From the moment you wake up in the morning to the time you go to sleep
at night, your eyes are acting like a video camera. Everything you look
at is then sent to your brain for processing and storage much like a video
cassette. This is a very simplified explanation, but as you read on, you
will discover why the sense of sight is actually considered the most complex
of the five senses.
How Your Eyes Work
Take a moment to locate an object around you. Do you know how you are
able to see it? Would you believe that what you are actually seeing are
beams of light bouncing off of the object and into your eyes? It is hard
to believe, but it is true. The light rays enter the eye through the cornea,
which is a thick, transparent protective layer on the surface of your eye.
Then the light rays pass through the pupil (the dark circle in the center
of your eye) and into the lens.
light rays pass through your pupil, the muscle called the iris (colored
ring) makes the size of the pupil change depending on the amount of light
that's available. You may have noticed this with your own eye if you have
looked at it closely in a mirror. If there is too much light, your pupil
will shrink to limit the number of light rays that enter. Likewise, if
there is very little light available, the pupil will enlarge to let in
as many light rays as it can.
Just behind the pupil is the lens and it focuses the image through a jelly-like
substance called the vitreous humor onto the back surface of the eyeball,
called the retina.
The retina, which is the size of your thumbnail, is filled with
approximately 150 million light-sensitive cells called rods and cones.
Rods identify shapes and work best in dim light. Cones on the other hand,
identify color and work best in bright light. Both of these types of cells
then send the information to the brain by way of the optic nerve. The amazing
thing is, when they send the image to the brain, the image is upside down!
It is the brain's job to turn the image rightside up and then tell you
what you are looking at. The brain does this in a specific place called
the visual cortex.
Because the eye is such an important and complex part of our body,
we have many features which protect the eye. The eyebrows are the strips
of hair above your eyes which prevent sweat from running into them. Eyelashes
help keep the eye clean by collecting small dirt and dust particles floating
through the air. The eyelashes also protect the eye from the sun's and
other light's glare. The eyelids sweep dirt from the surface of the eye.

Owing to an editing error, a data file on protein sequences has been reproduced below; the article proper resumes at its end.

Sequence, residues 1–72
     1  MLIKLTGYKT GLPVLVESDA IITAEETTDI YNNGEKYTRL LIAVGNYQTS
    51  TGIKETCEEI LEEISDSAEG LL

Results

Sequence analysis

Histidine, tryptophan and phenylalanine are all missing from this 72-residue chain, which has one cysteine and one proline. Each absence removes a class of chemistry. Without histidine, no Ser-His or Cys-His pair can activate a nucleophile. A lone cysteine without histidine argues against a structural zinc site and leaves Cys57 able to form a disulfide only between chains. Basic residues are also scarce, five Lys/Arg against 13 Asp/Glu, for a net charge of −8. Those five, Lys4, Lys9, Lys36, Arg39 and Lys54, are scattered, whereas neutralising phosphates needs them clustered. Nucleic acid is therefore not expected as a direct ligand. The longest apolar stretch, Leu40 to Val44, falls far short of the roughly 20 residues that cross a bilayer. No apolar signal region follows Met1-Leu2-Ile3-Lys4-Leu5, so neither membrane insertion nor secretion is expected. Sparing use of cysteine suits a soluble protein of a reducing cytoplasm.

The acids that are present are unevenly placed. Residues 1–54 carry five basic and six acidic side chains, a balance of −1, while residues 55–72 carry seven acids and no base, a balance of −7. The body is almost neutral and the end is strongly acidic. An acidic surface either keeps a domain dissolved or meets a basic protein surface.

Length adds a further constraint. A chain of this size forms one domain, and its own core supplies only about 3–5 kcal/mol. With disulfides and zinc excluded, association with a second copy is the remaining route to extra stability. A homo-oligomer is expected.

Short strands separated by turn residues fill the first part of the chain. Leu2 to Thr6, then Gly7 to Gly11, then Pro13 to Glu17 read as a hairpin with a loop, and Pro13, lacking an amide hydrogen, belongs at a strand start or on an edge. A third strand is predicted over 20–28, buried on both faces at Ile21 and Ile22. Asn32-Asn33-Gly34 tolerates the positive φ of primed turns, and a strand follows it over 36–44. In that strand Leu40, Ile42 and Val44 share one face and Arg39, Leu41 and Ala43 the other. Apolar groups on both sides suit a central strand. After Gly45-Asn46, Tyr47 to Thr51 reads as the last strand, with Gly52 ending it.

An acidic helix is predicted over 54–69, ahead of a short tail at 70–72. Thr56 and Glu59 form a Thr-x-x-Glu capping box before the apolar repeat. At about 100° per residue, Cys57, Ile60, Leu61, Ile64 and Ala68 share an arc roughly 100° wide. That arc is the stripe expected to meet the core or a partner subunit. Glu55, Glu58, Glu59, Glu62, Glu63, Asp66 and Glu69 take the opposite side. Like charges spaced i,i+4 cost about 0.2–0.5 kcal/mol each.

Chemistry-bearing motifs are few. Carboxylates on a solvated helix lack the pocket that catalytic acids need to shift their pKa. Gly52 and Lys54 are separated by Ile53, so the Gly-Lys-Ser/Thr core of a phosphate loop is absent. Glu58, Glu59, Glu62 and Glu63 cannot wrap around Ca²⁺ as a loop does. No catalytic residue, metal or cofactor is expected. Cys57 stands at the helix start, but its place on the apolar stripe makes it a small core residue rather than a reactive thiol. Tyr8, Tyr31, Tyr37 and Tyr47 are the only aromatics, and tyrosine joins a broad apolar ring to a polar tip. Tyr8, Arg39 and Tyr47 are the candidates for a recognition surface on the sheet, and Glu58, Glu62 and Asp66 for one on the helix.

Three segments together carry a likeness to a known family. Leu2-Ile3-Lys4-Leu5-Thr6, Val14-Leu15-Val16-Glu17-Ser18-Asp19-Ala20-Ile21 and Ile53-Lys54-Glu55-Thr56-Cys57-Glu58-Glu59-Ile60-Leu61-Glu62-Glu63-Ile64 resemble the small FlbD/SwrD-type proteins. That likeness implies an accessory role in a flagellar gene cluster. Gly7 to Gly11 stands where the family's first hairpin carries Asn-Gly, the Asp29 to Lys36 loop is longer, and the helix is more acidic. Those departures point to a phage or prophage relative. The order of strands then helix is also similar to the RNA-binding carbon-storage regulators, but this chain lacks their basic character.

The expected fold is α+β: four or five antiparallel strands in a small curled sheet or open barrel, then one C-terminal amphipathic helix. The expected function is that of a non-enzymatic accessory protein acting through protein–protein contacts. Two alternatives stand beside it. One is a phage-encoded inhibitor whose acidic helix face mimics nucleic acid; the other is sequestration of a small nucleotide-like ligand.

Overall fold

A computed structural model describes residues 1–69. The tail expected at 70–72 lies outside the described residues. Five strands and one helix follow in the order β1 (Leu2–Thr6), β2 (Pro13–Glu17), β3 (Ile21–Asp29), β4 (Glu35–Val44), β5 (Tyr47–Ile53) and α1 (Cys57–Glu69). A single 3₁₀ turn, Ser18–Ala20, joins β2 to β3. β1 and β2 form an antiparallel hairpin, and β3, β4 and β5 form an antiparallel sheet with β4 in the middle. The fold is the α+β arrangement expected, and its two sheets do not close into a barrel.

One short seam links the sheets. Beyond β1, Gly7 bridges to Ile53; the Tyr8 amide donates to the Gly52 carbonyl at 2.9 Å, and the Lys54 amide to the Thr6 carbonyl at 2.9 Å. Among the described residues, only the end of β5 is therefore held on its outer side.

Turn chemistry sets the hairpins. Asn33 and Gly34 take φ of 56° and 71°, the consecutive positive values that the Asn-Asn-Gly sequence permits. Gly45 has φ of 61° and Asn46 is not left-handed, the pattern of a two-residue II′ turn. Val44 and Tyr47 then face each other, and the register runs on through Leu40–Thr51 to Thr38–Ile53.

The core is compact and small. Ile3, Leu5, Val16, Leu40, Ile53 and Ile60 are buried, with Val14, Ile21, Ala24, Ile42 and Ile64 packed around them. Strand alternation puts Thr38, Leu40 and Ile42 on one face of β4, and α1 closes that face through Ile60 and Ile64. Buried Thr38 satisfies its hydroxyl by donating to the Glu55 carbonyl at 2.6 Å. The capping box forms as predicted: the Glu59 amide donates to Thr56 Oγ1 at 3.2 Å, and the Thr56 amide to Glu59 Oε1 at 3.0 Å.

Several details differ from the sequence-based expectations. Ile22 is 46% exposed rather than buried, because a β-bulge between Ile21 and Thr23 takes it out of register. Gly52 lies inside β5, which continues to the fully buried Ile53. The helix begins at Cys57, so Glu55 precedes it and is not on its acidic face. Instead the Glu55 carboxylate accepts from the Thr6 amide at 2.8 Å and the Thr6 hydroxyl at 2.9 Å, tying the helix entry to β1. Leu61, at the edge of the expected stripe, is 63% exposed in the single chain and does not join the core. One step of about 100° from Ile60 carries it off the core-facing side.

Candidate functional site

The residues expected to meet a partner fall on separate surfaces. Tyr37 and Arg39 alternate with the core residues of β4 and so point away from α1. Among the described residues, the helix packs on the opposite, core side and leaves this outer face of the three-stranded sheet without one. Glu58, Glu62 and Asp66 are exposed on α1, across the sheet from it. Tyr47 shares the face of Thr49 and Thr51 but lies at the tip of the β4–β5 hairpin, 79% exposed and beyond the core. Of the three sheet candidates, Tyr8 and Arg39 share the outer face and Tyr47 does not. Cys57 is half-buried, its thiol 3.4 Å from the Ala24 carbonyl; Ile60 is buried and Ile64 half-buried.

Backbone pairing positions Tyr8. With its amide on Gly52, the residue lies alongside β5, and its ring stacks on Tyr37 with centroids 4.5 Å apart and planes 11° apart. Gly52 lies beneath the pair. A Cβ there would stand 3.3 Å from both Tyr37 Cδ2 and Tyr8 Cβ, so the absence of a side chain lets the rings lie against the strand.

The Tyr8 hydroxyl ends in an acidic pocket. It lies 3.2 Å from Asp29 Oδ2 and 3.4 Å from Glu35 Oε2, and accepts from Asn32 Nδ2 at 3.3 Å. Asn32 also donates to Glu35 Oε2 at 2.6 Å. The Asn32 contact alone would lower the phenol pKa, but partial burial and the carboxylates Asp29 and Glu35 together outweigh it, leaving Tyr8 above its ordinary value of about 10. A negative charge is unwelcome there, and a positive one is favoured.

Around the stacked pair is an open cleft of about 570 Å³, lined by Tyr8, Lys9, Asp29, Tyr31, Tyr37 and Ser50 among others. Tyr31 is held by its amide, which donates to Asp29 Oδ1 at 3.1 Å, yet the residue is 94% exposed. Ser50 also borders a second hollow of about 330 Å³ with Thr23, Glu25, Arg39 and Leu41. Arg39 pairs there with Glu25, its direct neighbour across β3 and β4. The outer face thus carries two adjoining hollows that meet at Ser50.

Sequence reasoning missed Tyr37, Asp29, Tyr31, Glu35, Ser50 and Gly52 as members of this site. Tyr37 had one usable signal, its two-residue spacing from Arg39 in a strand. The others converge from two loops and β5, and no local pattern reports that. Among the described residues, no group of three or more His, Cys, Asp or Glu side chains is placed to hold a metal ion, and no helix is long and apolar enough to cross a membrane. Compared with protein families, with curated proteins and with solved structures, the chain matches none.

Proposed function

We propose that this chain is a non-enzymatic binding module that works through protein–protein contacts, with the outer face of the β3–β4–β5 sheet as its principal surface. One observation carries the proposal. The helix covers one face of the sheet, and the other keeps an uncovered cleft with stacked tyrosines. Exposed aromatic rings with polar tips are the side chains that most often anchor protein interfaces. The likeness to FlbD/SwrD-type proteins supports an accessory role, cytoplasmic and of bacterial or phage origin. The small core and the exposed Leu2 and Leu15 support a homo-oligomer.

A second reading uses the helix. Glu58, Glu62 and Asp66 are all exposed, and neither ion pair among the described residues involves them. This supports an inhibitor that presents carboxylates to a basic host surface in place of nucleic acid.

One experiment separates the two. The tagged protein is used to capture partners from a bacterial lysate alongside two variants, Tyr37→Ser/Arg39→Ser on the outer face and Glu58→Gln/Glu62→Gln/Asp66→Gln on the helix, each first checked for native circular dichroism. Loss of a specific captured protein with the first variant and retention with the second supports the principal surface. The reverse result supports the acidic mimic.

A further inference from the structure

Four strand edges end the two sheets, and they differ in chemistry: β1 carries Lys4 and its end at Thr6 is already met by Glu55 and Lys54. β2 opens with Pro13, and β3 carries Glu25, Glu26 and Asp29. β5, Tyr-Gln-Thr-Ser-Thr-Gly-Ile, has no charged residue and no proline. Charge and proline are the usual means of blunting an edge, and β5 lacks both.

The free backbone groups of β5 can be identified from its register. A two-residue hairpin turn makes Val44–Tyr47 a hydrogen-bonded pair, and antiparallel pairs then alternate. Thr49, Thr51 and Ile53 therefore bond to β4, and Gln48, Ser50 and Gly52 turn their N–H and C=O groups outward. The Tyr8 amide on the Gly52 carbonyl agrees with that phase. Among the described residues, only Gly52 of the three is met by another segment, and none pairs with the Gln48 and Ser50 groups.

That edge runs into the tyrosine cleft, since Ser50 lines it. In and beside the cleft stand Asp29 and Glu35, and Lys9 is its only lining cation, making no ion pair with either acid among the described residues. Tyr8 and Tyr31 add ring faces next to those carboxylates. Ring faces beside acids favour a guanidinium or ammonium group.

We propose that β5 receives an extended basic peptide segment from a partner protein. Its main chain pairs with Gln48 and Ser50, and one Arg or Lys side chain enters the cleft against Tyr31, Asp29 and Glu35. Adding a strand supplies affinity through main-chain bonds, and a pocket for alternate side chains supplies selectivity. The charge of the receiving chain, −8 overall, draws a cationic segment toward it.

The eyelid also protects the eye from injury. Tears are sterile drops of
clean water which constantly bathe the front of the eye,keeping it clean
Not all people have perfect vision. People who can see things up close,
but not far away are considered to be nearsighted. This happens when the
light entering the eye focuses on a point in front of the retina. On the
other hand, people who can see far away objects but not those that are
up close are farsighted. Farsightedness occurs when the light that enters
the eye focuses on a point behind the retina. Whether a person is nearsighted
or farsighted, glasses or contacts help that person to see things much
||Most people blink every 2-10 seconds.
||Each time you blink, you shut your eyes for 0.3 seconds, which means
your eyes are closed at least 30 minutes a day just from blinking.
||If you only had one eye, everything would appear two-dimensional. (This
does not work just by closing one eye.)
||Owls can see a mouse moving over 150 feet away with light no brighter
than a candle.
||The reason cat's and dog's eyes glow at night is because of silver
mirrors in the back of their eyes called the tapetum. This makes it easier
for them to see at night.
||An ostrich has eyes that are two inches across. Each eye weighs more
than the brain.
||A chameleon's eyes can look in opposite directions at the same time.
||A newborn baby sees the world upside down because it takes some time
for the baby's brain to learn to turn the picture right-side up.
||One in every twelve males is color blind.
Illusions - A great site that shows you how objects can play tricks
on your eyes.
||You Can Glasses
- A fun site that talks about sight defects such as nearsightedness and
- A great sight related experiment.
- Part of a great site by NJO that has good information on all types of
things, including sight.
- Bill Nye the science guy explains the eye!
||The Way The Eye Works
- This site is pretty much self explanatory.